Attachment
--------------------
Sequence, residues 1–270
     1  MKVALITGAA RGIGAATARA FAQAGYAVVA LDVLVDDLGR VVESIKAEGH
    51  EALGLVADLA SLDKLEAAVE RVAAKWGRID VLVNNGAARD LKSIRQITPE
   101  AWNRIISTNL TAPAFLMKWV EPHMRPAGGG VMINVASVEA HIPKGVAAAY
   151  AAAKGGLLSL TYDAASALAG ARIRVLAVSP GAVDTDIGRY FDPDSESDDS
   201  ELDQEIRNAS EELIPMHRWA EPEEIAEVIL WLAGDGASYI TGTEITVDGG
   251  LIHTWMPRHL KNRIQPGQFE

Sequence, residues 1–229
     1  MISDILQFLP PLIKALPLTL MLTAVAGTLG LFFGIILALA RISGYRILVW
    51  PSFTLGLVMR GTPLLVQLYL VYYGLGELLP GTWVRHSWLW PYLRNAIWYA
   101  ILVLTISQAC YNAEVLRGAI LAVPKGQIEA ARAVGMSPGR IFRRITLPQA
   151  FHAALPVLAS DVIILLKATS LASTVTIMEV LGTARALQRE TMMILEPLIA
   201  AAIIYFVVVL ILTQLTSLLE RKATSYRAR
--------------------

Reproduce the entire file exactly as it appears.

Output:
Sequence, residues 1–270
     1  MKVALITGAA RGIGAATARA FAQAGYAVVA LDVLVDDLGR VVESIKAEGH
    51  EALGLVADLA SLDKLEAAVE RVAAKWGRID VLVNNGAARD LKSIRQITPE
   101  AWNRIISTNL TAPAFLMKWV EPHMRPAGGG VMINVASVEA HIPKGVAAAY
   151  AAAKGGLLSL TYDAASALAG ARIRVLAVSP GAVDTDIGRY FDPDSESDDS
   201  ELDQEIRNAS EELIPMHRWA EPEEIAEVIL WLAGDGASYI TGTEITVDGG
   251  LIHTWMPRHL KNRIQPGQFE

Sequence, residues 1–229
     1  MISDILQFLP PLIKALPLTL MLTAVAGTLG LFFGIILALA RISGYRILVW
    51  PSFTLGLVMR GTPLLVQLYL VYYGLGELLP GTWVRHSWLW PYLRNAIWYA
   101  ILVLTISQAC YNAEVLRGAI LAVPKGQIEA ARAVGMSPGR IFRRITLPQA
   151  FHAALPVLAS DVIILLKATS LASTVTIMEV LGTARALQRE TMMILEPLIA
   201  AAIIYFVVVL ILTQLTSLLE RKATSYRAR